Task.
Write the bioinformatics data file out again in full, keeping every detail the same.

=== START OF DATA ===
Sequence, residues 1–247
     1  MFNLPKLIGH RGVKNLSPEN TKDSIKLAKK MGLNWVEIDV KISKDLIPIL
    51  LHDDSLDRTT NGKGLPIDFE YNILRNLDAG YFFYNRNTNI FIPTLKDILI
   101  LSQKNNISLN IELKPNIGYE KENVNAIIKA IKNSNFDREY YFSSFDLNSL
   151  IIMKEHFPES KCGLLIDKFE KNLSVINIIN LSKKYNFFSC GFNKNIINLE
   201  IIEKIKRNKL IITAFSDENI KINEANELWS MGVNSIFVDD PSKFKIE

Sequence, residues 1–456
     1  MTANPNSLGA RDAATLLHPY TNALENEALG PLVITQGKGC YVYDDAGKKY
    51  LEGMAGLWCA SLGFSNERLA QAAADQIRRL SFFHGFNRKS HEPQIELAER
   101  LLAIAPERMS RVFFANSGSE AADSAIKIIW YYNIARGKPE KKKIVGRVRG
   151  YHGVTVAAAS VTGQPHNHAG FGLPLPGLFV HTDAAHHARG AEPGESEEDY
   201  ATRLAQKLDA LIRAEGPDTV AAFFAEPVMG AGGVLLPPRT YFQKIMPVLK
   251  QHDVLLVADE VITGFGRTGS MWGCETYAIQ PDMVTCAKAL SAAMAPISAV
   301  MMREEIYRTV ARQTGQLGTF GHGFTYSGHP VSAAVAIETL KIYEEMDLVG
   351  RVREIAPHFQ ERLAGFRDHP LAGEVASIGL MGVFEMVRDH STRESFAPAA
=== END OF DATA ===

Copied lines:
Sequence, residues 1–247
     1  MFNLPKLIGH RGVKNLSPEN TKDSIKLAKK MGLNWVEIDV KISKDLIPIL
    51  LHDDSLDRTT NGKGLPIDFE YNILRNLDAG YFFYNRNTNI FIPTLKDILI
   101  LSQKNNISLN IELKPNIGYE KENVNAIIKA IKNSNFDREY YFSSFDLNSL
   151  IIMKEHFPES KCGLLIDKFE KNLSVINIIN LSKKYNFFSC GFNKNIINLE
   201  IIEKIKRNKL IITAFSDENI KINEANELWS MGVNSIFVDD PSKFKIE

Sequence, residues 1–456
     1  MTANPNSLGA RDAATLLHPY TNALENEALG PLVITQGKGC YVYDDAGKKY
    51  LEGMAGLWCA SLGFSNERLA QAAADQIRRL SFFHGFNRKS HEPQIELAER
   101  LLAIAPERMS RVFFANSGSE AADSAIKIIW YYNIARGKPE KKKIVGRVRG
   151  YHGVTVAAAS VTGQPHNHAG FGLPLPGLFV HTDAAHHARG AEPGESEEDY
   201  ATRLAQKLDA LIRAEGPDTV AAFFAEPVMG AGGVLLPPRT YFQKIMPVLK
   251  QHDVLLVADE VITGFGRTGS MWGCETYAIQ PDMVTCAKAL SAAMAPISAV
   301  MMREEIYRTV ARQTGQLGTF GHGFTYSGHP VSAAVAIETL KIYEEMDLVG
   351  RVREIAPHFQ ERLAGFRDHP LAGEVASIGL MGVFEMVRDH STRESFAPAA